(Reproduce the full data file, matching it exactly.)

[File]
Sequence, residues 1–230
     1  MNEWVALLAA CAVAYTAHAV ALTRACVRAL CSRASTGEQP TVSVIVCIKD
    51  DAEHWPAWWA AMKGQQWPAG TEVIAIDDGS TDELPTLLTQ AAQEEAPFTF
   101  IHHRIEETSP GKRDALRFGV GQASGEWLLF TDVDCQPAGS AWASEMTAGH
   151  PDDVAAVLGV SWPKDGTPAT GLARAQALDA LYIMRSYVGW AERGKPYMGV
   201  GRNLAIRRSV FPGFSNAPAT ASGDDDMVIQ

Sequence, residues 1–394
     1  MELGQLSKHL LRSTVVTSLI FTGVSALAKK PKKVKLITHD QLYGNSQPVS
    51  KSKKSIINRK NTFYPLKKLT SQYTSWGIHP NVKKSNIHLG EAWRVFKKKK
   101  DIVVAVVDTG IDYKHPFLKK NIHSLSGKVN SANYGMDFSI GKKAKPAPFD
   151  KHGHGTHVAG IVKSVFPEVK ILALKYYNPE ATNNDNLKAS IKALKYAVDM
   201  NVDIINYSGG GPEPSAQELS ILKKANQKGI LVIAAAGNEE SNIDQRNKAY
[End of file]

Sequence, residues 1–230
     1  MNEWVALLAA CAVAYTAHAV ALTRACVRAL CSRASTGEQP TVSVIVCIKD
    51  DAEHWPAWWA AMKGQQWPAG TEVIAIDDGS TDELPTLLTQ AAQEEAPFTF
   101  IHHRIEETSP GKRDALRFGV GQASGEWLLF TDVDCQPAGS AWASEMTAGH
   151  PDDVAAVLGV SWPKDGTPAT GLARAQALDA LYIMRSYVGW AERGKPYMGV
   201  GRNLAIRRSV FPGFSNAPAT ASGDDDMVIQ

Sequence, residues 1–394
     1  MELGQLSKHL LRSTVVTSLI FTGVSALAKK PKKVKLITHD QLYGNSQPVS
    51  KSKKSIINRK NTFYPLKKLT SQYTSWGIHP NVKKSNIHLG EAWRVFKKKK
   101  DIVVAVVDTG IDYKHPFLKK NIHSLSGKVN SANYGMDFSI GKKAKPAPFD
   151  KHGHGTHVAG IVKSVFPEVK ILALKYYNPE ATNNDNLKAS IKALKYAVDM
   201  NVDIINYSGG GPEPSAQELS ILKKANQKGI LVIAAAGNEE SNIDQRNKAY